Michigan Basketball: Why Nik Stauskas Is the Key to Wolverines' March Success

Hayden DeitrickFeatured ColumnistMarch 10, 2013

ANN ARBOR, MI - FEBRUARY 05: Nik Stauskas #11 of the Michigan Wolverines dribbles away from Sam Thompson #12 of the Ohio State Buckeyes at Crisler Center on February 5, 2013 in Ann Arbor, Michigan. Michigan won the game 76-74 in overtime. (Photo by Gregory Shamus/Getty Images)
Gregory Shamus/Getty Images

Michigan basketball came up on the short of a 72-71 loss to Indiana Sunday.  The loss to Indiana did help illuminate one of the most unknown facts about the Wolverines: Nik Stauskas is Michigan’s most valuable player.

Before you attack me in the comment section, let me point out that I did not say Stauskas is Michigan’s best player.  That honor belongs solely to Trey Burke, one of college basketball’s most exciting players and a POY favorite.

Stauskas is having a remarkable freshman year at Ann Arbor.  He is averaging 11.6 PPG on 47.5 percent shooting from the field and a blistering 45.9 percent from beyond the arc.

In the loss to Indiana, Stauskas scored 10 first-half points and ended up with 12 points, three rebounds and one steal.

If you observe Michigan’s record, it is easy to see how Stauskas’ play is directly tied to Michigan’s successes or failures.

In the Wolverines' six losses, Stauskas did not score more than 12 points. 

In games that Stauskas has scored more than 12 points, Michigan is an undefeated at 12-0.  This includes impressive wins over Kansas State, NC State and Illinois.

Why does Michigan receive such as boost when Stauskas scores well?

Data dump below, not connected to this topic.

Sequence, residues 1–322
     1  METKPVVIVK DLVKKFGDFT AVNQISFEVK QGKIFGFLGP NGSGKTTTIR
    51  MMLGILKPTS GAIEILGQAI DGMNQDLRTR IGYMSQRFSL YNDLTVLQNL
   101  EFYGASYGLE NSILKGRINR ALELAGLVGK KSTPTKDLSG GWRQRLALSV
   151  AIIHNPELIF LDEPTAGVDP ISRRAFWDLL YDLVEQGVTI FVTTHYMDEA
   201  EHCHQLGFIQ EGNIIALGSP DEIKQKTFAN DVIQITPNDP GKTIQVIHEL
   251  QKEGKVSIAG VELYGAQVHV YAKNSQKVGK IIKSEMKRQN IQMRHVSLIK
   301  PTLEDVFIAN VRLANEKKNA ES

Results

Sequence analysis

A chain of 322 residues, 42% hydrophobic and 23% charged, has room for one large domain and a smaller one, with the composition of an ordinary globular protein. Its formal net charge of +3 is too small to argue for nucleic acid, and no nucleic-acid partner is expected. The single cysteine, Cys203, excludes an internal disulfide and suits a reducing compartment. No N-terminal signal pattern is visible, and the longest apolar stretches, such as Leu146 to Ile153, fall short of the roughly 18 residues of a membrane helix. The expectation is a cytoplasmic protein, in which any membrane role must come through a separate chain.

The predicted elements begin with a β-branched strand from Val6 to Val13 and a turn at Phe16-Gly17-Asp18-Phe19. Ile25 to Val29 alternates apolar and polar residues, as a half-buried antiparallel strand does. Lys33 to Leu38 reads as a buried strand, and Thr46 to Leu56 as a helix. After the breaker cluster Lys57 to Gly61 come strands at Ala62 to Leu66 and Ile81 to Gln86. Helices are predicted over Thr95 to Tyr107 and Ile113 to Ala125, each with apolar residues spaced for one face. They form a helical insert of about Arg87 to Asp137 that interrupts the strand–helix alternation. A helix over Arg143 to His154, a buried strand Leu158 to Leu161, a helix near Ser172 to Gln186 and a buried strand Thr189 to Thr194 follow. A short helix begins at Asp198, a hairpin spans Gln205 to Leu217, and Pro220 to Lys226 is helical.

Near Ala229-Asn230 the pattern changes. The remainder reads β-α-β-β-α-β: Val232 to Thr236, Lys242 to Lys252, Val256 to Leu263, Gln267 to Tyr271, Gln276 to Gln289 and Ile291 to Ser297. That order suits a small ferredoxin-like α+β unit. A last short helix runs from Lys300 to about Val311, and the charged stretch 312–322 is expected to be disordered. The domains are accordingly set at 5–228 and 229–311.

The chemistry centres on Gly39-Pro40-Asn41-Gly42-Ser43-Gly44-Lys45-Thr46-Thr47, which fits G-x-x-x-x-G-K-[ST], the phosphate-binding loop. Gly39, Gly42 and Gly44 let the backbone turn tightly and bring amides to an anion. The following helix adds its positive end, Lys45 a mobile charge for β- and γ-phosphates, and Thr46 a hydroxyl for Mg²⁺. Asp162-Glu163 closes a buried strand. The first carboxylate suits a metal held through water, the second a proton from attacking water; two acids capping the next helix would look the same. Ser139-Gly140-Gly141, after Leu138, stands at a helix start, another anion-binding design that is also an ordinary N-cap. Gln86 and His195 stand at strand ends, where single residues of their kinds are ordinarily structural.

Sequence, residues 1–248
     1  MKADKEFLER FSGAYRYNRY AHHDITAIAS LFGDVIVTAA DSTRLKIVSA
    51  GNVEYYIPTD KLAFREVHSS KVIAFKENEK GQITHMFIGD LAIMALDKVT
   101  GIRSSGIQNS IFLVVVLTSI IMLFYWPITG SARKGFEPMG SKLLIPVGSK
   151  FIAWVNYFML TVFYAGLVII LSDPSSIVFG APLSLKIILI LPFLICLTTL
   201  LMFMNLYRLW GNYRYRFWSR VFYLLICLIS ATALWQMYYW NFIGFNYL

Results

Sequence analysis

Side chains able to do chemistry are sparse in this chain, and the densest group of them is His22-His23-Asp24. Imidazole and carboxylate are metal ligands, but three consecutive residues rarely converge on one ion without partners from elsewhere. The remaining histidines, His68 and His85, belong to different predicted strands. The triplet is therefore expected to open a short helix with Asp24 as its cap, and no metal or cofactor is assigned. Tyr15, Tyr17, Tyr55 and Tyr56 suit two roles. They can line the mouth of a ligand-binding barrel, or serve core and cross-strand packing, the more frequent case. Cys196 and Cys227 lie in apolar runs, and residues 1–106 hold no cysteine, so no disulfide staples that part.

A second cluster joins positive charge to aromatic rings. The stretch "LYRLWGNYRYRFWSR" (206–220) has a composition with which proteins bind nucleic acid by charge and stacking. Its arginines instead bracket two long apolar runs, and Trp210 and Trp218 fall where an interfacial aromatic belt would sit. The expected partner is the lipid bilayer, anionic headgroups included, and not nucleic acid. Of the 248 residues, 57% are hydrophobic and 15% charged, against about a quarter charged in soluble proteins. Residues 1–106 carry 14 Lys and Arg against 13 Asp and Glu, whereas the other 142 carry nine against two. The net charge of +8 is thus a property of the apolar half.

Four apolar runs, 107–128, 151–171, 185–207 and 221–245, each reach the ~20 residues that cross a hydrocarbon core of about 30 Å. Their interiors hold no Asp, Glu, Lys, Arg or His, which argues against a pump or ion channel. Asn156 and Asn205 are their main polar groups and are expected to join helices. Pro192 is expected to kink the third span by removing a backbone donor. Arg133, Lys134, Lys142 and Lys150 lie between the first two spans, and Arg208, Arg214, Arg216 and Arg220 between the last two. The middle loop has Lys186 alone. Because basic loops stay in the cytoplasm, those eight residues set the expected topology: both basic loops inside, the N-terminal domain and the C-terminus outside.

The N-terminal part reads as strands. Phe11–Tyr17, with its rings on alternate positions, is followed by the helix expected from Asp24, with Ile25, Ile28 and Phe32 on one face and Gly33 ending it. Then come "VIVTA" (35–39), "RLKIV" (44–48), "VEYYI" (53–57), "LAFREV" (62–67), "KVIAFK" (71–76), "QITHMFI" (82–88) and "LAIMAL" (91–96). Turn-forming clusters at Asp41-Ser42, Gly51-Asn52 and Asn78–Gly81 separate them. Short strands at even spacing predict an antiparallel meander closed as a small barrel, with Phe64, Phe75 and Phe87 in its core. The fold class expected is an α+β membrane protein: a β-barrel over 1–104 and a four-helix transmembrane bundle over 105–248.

The answer is twofold.

When Stauskas is playing his best, he is a third elite scoring option for Michigan.

Michigan can rely on Burke and Tim Hardaway Jr. for 25 PPG, and when Stauskas is playing well, Michigan is receiving close to 30 PPG from its backcourt.  With their greatest weakness being in their frontcourt, the Wolverines rely on their backcourt to be explosive.

When Stauskas is scoring, there is no better backcourt in all of college basketball.

Furthermore, when Stauskas is shooting well from beyond the arc, he stretches the defense and opens lanes for Burke to exploit. 

When Michigan was playing its best against Indiana, Stauskas was able to pull the Hoosier defense from the lane, and Burke was able to take advantage of his access to the lane to the direct benefit of himself and his teammates.

Burke finished the game with just 20 points and four assists, but his impact was far greater than that. 

Michigan’s offense is so much more potent when Burke gets into the lane and they are not relying on the long ball to beat defenses.  When the Wolverines are able to run their ball-screen action and send backdoor cutters through the lane, they are able to mask the lack of production they get in the post by scoring inside.

As Michigan moves into March Madness, it will rely on Stauskas to help carry it toward Atlanta. 

Teams will continue to focus their attention on Trey Burke, and if Stauskas does not stretch the defense, teams will have a much easier time smothering the quick guard.

If Michigan is to make its first Final Four since the Fab Five, it will have to be due to the great play of Stauskas, because he truly is the most valuable Wolverine.